Balula, A., & Moreira, A. (2014). SCAI: A three-dimension model for e-teaching evaluation in higher education. In Evaluation of online higher education: Learning, interaction and technology. Cham, Switzerland: Springer International Publishing.
Barbour, D. R. (2014). The Technology Integration Matrix and student engagement: A correlational study. (Doctoral dissertation, Northcentral University).
Ferreira, S., & Andrade, A. (2011). Systematic analysis of quality technology enhanced learning environments in higher education: an organizational perspective 2.0. Education in a Technological World: Communicating Current and Emerging Research and Technological Efforts, 428-439.
Kieran, L., & Anderson, C. (2014). Guiding preservice teacher candidates to implement student-centered applications of technology in the classroom. In M. Searson & M. Ochoa (Eds.), Proceedings of Society for Information Technology & Teacher Education International Conference 2014 (pp. 2414-2421). Chesapeake, VA: Association for the Advancement of Computing in Education (AACE).
Kruger, M., & Bester, R. (2014). Integrating eLearning to support medical education at the New University of Botswana School of Medicine. The Electronic Journal of e-Learning, 12(1), 52-76.
Liu, F., Ritzhaupt, A.D., Dawson, K. & Barron, A. (2016). Explaining technology integration in K-12 classrooms: a multilevel path analysis model. Educational Technology Research and Development. doi:10.1007/s11423-016-9487-9.
Sawyer, L. M. (2017). Perceptions and Practice: e Relationship Between Teacher Perceptions of Technology Use and Level of Classroom Technology Integration. (Doctoral dissertation, Southeastern University).
Research on Concepts Central to the TIM
Freeman, S., Eddy, S. L., McDonough, M., Smith, M. K., Okoroafor, N., Jordt, H., & Wenderoth, M. P. (2014, June 10). Active learning increases student performance in science, engineering, and mathematics. Proceedings of the National Academy of Sciences, 111(23), 8410-8415.
Markant, D. B., Ruggeri, A., Gureckis, T. M., & Xu, F. (2016). Enhanced memory as a common effect of active learning. Mind, Brain, and Education, 10(3), 142-152.
Newmann, F. M., Marks, H. M., & Gamoran, A. (1996). Authentic pedagogy and student performance. American Journal of Education, 104, 280-312.
Ertmer, P. A., & Ottenbreit-Leftwich, A. (2013). Removing obstacles to the pedagogical changes required by Jonassen’s vision of authentic technology-enabled learning. Computers & Education, 64, 175-182.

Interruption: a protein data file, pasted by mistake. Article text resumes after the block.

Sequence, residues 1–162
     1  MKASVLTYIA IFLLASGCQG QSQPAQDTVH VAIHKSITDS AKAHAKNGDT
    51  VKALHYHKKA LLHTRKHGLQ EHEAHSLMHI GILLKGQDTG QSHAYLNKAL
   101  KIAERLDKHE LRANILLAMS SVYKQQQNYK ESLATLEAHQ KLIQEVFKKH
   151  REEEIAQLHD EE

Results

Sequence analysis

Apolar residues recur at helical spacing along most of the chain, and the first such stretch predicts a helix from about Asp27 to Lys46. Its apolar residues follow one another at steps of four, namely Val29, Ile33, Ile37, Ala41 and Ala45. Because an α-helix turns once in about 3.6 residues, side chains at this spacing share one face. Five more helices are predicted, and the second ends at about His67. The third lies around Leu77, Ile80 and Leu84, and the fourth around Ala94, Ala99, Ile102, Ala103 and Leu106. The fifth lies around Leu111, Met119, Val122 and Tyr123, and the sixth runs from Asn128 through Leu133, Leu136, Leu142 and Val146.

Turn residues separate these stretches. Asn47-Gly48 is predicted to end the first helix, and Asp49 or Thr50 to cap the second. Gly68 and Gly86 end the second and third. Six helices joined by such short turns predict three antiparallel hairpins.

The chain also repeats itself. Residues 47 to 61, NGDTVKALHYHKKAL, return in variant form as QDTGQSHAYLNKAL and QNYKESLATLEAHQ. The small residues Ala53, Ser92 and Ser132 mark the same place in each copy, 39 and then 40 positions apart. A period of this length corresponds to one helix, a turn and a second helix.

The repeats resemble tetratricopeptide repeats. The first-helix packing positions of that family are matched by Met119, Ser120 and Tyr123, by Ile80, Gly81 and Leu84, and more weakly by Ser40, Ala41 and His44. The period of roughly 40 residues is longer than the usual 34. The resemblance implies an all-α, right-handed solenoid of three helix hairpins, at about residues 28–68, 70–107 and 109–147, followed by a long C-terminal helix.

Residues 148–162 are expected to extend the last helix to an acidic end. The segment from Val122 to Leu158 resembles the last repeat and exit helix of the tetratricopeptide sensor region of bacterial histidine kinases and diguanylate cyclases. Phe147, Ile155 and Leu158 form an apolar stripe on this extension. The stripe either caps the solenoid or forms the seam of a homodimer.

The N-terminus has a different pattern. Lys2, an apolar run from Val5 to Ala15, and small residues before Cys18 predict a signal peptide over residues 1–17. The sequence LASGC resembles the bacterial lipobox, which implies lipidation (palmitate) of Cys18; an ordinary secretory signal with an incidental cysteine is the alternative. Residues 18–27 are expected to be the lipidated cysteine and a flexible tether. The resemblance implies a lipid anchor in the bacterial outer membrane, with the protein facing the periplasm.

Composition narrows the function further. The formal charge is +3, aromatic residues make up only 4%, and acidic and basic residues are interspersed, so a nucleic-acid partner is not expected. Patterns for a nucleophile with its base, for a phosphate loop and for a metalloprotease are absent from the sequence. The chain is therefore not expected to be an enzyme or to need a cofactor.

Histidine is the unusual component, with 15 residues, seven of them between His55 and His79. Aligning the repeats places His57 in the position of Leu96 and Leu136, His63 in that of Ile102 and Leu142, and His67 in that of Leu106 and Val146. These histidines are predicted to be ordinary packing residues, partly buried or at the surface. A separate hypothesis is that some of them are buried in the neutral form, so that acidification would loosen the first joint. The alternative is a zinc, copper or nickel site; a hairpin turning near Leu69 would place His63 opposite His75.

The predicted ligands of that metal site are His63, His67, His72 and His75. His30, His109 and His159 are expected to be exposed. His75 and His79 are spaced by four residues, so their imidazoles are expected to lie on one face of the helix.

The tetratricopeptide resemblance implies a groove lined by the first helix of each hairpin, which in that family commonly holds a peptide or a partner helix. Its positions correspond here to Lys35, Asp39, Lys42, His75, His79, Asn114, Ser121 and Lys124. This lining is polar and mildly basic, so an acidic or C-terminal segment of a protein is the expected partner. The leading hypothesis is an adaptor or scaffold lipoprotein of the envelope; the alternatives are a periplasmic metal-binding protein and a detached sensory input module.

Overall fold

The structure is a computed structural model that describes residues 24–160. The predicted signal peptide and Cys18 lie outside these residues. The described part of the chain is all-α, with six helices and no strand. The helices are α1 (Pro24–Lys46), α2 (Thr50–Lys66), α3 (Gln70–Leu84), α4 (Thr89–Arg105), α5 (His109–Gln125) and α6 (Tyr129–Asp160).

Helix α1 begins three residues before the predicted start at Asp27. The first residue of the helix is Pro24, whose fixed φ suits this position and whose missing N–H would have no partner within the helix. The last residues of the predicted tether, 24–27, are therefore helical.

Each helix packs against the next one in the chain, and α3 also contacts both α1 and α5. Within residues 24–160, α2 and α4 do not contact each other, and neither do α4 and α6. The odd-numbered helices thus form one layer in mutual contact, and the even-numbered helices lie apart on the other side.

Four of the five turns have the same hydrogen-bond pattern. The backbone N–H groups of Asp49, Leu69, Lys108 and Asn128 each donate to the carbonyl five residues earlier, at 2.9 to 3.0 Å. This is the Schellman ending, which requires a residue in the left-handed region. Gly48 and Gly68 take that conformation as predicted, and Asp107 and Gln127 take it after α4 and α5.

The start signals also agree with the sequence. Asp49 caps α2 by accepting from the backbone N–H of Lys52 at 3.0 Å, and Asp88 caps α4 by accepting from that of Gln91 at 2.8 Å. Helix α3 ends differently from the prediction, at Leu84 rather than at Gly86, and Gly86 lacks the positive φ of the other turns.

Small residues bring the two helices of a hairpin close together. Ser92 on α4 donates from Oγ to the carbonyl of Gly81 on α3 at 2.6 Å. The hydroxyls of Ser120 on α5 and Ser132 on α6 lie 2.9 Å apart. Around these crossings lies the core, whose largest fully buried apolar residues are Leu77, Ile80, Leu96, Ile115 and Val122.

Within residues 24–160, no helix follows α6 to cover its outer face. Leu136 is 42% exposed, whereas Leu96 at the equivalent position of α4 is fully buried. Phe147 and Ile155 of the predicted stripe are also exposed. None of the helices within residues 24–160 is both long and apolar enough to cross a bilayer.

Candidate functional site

Herrington, J., Reeves, T. C., & Oliver, R. (2014). Authentic learning environments. In J. M. Spector, M. D. Merrill, J. Elen, & M. J. Bishop (Eds.), Handbook of research on educational communications and technology (4th ed., pp. 401-412). New York: Springer.
King, M. B., Newmann, F. M., & Carmichael, D. L. (2009, January/February). Authentic intellectual work: Common standards for teaching social studies. Social Education, 73(1), 43-49.
Goodyear, P., Jones, C., & Thompson, K. (2014). Computer-supported collaborative learning: Instructional approaches, group processes, and educational designs. In J. M. Spector, M. D. Merrill, J. Elen, & M. J. Bishop (Eds.), Handbook of research on educational communications and technology (4th ed., pp. 439-451). New York: Springer.
Bransford, J. D., Brown, A. L., & Cocking, R. R. (Eds.). (2000). How people learn: Brain, mind, experience, school. (Expanded ed.). Washington, DC: National Academies Press.
Cornelius-White, J. (2007). Learner-centered teacher-student relationships are effective: A meta-analysis. Review of Educational Research, 77(1), 113-143.
Wenglinsky, H. (1999). The link between teacher classroom practices and student academic performance. Educational Policy Analysis Archives, 10(12).
Fredericks, J. A., Blumenfeld, P. C., & Paris, A. H. (2004). School engagement: potential of the concept, state of the evidence. Review of Educational Research, 74, 59-109.
Davies, R. S., & West, R. E. (2014). Technology integration in schools. In J. M. Spector, M. D. Merrill, J. Elen, & M. J. Bishop (Eds.), Handbook of research on educational communications and technology (4th ed., pp. 841-853). New York: Springer.